This statement is endorsed by:

  1. 92 Community
  2. Alliance for Conflict Transformation (ACT)
  3. Areng Valley Community
  4. Banteay Srey Community
  5. Beung Pram Land Community
  6. Boeung Kak Community
  7. Boeung Trabek Community
  8. Borei Keila Community
  9. Buddhism for Peace Organization (BPO)
  10. Building and Woodworker Trades Union Federation of Cambodia (BWTUC)
  11. Building Community Voice (BCV)
  12. CamASEAN Youth
  13. Cambodian Development People Life Association
  14. Cambodian Center for Human Rights (CCHR)
  15. Cambodian Domestic Workers Network (CDWN)
  16. Cambodian Food and Service Workers’ Federation (CFSWF)
  17. Cambodian Human Rights and Development Association (ADHOC)
  18. Cambodian Independent Civil-Servants Association (CICA)
  19. Cambodian Independent Teachers Association (CITA)
  20. Cambodian League for the Promotion & Defense of Human Rights (LICADHO)
  21. Cambodian Labour Confederation (CLC)
  22. Cambodian Tourism and Service Workers Federation (CTSWF)
  23. Cambodian Youth Network (CYN)
  24. Center for Alliance of Labor and Human Rights (CENTRAL)
  25. Cheko Community
  26. Coalition of Cambodian Apparel Workers Domestic Union (C.CAWDU)
  27. Coalition for Integrity and Social Accountability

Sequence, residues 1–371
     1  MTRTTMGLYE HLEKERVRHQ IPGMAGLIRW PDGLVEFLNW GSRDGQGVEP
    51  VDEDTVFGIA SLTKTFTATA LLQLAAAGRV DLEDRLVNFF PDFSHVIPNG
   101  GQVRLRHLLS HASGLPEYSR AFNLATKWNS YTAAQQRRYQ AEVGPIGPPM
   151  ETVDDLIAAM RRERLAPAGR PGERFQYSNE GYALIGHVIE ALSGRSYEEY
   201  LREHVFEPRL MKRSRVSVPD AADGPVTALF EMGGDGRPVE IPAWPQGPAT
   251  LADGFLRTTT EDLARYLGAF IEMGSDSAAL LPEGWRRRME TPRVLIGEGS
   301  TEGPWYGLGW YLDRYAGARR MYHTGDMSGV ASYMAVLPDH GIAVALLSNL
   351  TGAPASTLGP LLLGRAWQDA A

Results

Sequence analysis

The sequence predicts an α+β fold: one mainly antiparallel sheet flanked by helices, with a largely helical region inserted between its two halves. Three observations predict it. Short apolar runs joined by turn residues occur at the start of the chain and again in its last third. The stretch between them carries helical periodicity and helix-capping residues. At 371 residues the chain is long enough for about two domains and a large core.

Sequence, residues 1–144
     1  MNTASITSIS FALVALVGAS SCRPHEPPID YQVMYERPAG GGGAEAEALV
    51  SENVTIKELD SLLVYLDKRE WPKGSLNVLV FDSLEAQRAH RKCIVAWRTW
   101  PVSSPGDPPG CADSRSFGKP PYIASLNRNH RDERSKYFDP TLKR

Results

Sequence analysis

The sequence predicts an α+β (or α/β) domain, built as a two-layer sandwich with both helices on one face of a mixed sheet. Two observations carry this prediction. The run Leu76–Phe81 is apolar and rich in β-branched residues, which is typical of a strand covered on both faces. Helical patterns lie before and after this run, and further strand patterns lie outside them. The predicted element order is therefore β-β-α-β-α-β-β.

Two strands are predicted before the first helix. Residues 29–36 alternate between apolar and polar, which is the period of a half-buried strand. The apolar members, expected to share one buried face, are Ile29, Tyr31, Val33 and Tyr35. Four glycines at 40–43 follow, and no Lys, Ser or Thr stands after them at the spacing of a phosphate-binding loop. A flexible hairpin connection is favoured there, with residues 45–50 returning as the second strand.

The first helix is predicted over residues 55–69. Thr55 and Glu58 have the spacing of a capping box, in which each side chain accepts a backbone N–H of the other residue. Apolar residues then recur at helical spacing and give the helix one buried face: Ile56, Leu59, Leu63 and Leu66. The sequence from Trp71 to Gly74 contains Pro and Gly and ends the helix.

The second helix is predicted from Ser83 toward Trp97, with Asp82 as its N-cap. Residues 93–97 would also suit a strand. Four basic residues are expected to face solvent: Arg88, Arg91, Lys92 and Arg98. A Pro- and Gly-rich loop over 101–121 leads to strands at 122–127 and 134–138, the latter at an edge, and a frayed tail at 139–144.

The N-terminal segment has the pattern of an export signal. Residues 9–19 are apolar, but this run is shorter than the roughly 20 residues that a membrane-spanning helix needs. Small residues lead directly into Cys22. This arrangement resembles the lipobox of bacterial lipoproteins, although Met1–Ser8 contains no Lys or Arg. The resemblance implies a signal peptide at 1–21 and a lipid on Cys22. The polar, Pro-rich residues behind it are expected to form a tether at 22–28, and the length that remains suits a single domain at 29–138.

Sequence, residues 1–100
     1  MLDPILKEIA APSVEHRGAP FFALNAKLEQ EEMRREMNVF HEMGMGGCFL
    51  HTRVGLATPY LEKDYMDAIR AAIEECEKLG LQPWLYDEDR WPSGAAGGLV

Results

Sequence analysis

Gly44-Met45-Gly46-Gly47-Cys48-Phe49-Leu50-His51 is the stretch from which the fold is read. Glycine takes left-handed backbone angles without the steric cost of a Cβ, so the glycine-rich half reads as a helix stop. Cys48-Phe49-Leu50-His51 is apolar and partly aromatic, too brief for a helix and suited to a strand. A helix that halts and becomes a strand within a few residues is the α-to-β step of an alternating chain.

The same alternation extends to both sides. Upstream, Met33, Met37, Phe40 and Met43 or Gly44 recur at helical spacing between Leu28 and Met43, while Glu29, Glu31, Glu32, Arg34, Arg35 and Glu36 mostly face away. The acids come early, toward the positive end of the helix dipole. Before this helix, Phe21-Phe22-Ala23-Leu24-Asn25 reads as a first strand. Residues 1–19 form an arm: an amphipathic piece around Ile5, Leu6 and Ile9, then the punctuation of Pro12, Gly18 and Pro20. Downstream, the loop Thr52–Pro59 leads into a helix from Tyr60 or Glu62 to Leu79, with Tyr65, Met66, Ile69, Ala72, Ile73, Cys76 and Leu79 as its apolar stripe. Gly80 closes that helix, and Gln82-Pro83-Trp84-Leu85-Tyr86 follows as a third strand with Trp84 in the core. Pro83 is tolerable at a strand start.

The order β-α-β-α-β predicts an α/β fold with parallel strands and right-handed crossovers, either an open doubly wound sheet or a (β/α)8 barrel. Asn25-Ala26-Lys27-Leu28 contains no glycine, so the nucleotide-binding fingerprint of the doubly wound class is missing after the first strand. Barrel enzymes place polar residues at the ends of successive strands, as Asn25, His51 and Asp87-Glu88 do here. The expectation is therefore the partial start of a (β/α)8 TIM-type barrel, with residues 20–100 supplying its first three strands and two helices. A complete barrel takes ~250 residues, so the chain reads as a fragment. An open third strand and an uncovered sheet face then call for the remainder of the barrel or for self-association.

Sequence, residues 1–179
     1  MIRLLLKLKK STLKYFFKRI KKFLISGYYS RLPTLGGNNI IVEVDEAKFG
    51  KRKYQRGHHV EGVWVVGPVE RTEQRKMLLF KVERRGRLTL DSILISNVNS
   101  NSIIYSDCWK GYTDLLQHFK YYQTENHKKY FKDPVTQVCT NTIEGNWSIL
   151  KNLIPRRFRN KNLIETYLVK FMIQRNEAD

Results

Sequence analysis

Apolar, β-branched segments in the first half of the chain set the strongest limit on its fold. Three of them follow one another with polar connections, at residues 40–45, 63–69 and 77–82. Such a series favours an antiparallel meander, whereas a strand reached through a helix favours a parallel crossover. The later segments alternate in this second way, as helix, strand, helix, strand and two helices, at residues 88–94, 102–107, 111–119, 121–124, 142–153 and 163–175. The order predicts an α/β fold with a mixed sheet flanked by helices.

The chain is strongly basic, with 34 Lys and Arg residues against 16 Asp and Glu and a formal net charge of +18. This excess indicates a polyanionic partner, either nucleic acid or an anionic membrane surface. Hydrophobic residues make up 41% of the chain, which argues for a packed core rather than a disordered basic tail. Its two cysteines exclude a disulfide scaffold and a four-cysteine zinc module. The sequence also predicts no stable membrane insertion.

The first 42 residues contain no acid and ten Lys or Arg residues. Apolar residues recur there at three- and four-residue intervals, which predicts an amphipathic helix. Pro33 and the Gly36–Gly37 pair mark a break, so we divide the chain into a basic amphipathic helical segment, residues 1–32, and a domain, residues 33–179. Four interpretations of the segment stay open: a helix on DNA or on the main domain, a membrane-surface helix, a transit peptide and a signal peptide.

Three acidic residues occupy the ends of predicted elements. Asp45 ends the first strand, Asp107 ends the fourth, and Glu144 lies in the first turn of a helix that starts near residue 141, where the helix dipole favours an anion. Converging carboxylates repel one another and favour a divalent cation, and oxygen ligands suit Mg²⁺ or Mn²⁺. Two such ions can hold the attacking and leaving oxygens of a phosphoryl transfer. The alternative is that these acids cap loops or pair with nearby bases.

28. Coalition of Cambodian Farmer Community (CCFC)
  29. Equitable Cambodia (EC)
  30. Farmer Association for Peace and Development (FAPD)
  31. Former Boeung Kak Women Network Community
  32. Highlander Association
  33. Housing Rights Task Force (HRTF)
  34. IFEX
  35. Independent Democracy of Informal Economy Association (IDEA)
  36. Independent Monk Network for Social Justice
  37. Indigenous Youth at Brome Commune, Preah Vihear Province
  38. Indradevi Association
  39. Khmer Youth Association (KYA)
  40. Koh Sralao Community
  41. Land Community, I Village Preah Sihanouk Province
  42. LICADHO Canada
  43. Lor Peang Community
  44. Mother Nature
  45. Peace Bridges Organization (PBO)
  46. People’s Centre for Development and Peace
  47. Phnom Bat Community
  48. Phum 21 Community
  49. Phum 22 Community
  50. Phum 23 Community
  51. Ponlok Khmer
  52. Prek Takung Community
  53. Prek Tanou
  54. Prey Lang Community
  55. Preah Vihear Indigenous Community Network
  56. Railway Community
  57. Samaky 4 Community
  58. Sahmakum Teang Tnaut (STT)
  59. SOS International Airport Community
  60. Thmor Kol Community (TK)
  61. Toul Sangke B Community
  62. Toul Rada Community
  63. Trapaing Anhchanh Thmey Community
  64. Tumnop II Community
  65. Wat Than Youth and Monk Network